O Sunday, Jan. 22 (Ann Arbor): Amazing Brides Bridal Show, 1 to 4 p.m. (introduction to ballroom dance and fashion show at 3 p.m.), Sheraton Ann Arbor, 3200 Boardwalk Drive, 248-568-6907,, free. O Saturday, Feb. 4 (Oregon): Alan Miller Jewelers Bridal Jewelry Show, 10 a.m. to 5 p.m., 3239 Navarre Ave., Oregon, (419) 693-4311,, free. O Sunday, Feb. 12 (Ann Arbor): Brides-To-Be Show, noon to 3 p.m., Sheraton Ann Arbor, 3200 Boardwalk Drive, 586-228-2700,, $8 at the door, $7 in advance. O Sunday, Feb. 19 (Grand Rapids, Ohio): Yours and Mine Nazareth Hall Bridal Show, 11 a.m. to 4 p.m., brunch available 10 a.m. to 3:30 p.m. ($12 for adults, $6 for children ages 3 to 12), 21211 W. River Road, Grand Rapids, (419) 8322900,, free. O Sunday, March 11 (Archbold): Sauder Village Bridal Show, noon to 4 p.m., Founder’s Hall, 22611 State Route 2, Archbold, 800-590-9755,, $7 at door, $5 with coupon at website. O Saturday, March 24 (Monroe): The Mall of Monroe Bridal Extravaganza, 11 a.m. to 4 p.m. (how to be a bride on a budget demonstration at 2:30 p.m., followed by fashion show at 3 p.m.), 2121 N. Monroe St., Monroe, (734) 242-9150,, free. O Sunday, March 25 (Ann Arbor): Whimsical Occasions Event, 1 to 4 p.m., Weber’s Inn, 3050 Jackson Road, Ann Arbor, 248-909-6511,, $8 in advance, $10 at door, or bring this listing to get two free admissions. O Sunday, April 22 (Findlay): The Courier 28th Annual Wedding Showcase, 11 a.m. to 4 p.m., The Cube Sports-Plex, 3430 N. Main St., Findlay, 419-422-5151,, cost TBD. O Sunday, Aug. 26 (Maumee): Wedding Dreams Bridal Show, noon to 4 p.m., The Pinnacle, 1772 Indian Wood Circle, Maumee, (419) 346-9885,, $7. O Sunday, Sept 9 (Toledo): I Do at the Zoo, 3 to 7 p.m., Toledo Zoo, 2700 Broadway St., (419) 893-5888,, $5 in advance (at The Andersons), $7. O Sunday, Sept. 23 (Pemberville): Wedding Extravaganza 2012, noon to 5 p.m. (fashion show at 2 p.m.), Riverview Banquet Centre, 405 E. Front St., Pemberville, (419)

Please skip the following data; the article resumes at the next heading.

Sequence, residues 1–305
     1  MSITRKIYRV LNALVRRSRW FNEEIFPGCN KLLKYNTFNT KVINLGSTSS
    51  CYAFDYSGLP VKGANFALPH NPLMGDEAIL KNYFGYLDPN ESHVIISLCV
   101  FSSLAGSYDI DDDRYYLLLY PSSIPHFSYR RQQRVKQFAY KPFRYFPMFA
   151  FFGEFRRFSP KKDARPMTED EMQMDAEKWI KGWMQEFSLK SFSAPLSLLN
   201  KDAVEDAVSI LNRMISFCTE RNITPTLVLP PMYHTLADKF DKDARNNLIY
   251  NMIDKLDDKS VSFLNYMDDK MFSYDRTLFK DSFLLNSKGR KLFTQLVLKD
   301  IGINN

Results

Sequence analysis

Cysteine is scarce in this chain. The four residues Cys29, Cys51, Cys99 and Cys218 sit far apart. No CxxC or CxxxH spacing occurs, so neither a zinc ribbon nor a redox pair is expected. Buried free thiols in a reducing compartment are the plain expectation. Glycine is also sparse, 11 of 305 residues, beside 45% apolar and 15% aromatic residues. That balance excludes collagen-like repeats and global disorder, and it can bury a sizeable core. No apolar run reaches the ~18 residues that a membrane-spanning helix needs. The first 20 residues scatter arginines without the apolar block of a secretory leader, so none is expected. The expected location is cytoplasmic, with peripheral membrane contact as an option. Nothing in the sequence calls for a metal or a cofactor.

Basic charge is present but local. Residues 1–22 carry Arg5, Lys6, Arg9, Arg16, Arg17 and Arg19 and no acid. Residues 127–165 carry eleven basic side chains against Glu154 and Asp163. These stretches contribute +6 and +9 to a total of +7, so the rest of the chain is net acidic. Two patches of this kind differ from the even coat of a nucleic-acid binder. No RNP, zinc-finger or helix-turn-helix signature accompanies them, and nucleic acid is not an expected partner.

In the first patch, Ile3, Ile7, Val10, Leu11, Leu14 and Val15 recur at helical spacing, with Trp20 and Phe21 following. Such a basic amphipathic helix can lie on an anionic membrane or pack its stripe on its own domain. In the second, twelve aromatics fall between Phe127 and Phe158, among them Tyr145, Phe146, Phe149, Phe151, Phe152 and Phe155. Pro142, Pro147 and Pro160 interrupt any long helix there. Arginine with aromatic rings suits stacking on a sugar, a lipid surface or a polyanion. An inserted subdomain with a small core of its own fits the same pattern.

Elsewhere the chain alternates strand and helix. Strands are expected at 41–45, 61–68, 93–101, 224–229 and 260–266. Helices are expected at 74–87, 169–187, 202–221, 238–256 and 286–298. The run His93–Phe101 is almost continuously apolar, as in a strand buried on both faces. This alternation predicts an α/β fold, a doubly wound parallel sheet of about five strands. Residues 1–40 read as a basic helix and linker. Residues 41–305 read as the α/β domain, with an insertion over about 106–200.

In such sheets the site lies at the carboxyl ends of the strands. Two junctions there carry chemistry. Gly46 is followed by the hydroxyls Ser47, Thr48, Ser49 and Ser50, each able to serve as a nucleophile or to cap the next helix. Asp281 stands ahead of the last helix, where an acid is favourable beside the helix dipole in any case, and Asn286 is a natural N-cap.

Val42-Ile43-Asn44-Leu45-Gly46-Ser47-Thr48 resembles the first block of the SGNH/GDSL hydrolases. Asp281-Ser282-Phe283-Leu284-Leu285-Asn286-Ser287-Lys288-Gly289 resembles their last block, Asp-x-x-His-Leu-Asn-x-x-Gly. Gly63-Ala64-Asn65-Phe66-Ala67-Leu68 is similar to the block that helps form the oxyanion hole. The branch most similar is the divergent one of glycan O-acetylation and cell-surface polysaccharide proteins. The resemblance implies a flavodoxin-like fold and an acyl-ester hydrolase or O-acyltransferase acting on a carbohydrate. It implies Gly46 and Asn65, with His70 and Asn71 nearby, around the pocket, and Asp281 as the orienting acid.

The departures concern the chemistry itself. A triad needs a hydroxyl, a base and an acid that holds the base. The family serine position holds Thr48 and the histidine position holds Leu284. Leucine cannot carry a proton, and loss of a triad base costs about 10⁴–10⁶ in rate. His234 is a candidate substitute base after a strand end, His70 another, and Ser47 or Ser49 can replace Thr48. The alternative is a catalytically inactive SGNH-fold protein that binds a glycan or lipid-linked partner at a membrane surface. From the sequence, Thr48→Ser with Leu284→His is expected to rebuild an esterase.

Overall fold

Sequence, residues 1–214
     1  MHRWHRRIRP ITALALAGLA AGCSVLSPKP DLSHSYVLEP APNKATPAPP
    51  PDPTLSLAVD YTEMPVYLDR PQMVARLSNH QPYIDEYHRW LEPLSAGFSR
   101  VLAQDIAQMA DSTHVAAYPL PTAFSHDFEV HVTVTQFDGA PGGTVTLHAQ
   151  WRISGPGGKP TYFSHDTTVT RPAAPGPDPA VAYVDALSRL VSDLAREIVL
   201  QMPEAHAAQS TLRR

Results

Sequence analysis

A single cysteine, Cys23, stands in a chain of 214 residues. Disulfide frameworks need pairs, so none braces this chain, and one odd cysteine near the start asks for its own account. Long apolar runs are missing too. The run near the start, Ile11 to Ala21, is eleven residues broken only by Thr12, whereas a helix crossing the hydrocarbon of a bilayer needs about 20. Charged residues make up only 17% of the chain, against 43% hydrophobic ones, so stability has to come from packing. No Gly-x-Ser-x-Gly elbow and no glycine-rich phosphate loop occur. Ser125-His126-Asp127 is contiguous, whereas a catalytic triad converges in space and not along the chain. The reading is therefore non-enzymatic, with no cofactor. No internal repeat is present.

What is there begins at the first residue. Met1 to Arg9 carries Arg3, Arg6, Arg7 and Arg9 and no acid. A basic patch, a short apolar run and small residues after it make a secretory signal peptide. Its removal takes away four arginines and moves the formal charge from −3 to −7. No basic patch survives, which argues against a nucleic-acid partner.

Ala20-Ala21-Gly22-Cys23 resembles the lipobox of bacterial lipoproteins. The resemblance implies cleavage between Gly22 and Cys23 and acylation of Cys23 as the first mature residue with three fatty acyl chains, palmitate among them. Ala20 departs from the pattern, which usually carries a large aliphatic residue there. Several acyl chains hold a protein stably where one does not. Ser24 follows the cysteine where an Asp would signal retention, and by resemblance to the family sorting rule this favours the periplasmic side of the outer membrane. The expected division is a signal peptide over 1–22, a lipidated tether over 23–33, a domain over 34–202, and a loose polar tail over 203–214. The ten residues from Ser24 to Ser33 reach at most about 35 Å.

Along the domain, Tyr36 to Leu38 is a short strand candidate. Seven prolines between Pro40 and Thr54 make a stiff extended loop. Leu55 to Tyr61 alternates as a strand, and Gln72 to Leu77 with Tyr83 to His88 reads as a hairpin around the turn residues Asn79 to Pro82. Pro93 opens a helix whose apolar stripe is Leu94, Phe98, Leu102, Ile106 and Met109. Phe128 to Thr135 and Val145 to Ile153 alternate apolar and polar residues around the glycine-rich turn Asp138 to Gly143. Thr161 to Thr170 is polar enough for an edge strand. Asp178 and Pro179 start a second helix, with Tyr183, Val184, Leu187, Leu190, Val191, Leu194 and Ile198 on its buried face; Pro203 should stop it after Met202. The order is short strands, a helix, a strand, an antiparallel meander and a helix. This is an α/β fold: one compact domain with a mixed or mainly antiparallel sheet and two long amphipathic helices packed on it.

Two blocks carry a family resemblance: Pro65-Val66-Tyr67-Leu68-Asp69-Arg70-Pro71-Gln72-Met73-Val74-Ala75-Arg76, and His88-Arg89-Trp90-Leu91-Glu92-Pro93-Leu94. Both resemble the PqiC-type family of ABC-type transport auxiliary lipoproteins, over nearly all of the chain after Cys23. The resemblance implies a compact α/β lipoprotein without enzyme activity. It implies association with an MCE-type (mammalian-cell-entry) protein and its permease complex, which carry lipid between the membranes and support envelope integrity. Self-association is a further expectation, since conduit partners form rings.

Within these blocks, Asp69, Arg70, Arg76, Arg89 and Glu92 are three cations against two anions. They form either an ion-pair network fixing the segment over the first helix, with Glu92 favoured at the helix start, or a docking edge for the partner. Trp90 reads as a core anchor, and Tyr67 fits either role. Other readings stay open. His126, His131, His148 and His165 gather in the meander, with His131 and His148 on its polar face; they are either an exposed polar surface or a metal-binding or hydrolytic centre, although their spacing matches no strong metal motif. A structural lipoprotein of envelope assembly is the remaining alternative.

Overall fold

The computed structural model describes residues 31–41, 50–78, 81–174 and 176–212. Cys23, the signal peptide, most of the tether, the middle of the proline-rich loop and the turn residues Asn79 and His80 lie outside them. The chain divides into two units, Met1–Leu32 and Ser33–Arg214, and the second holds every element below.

352-4421,, free. O Sunday, Oct 28 (Findlay): Once Upon a Wedding, 3 to 6 p.m., Country Inn & Suites and Holiday Inn Express, Findlay, (419) 420-1776,, free.

2012 regional bridal shows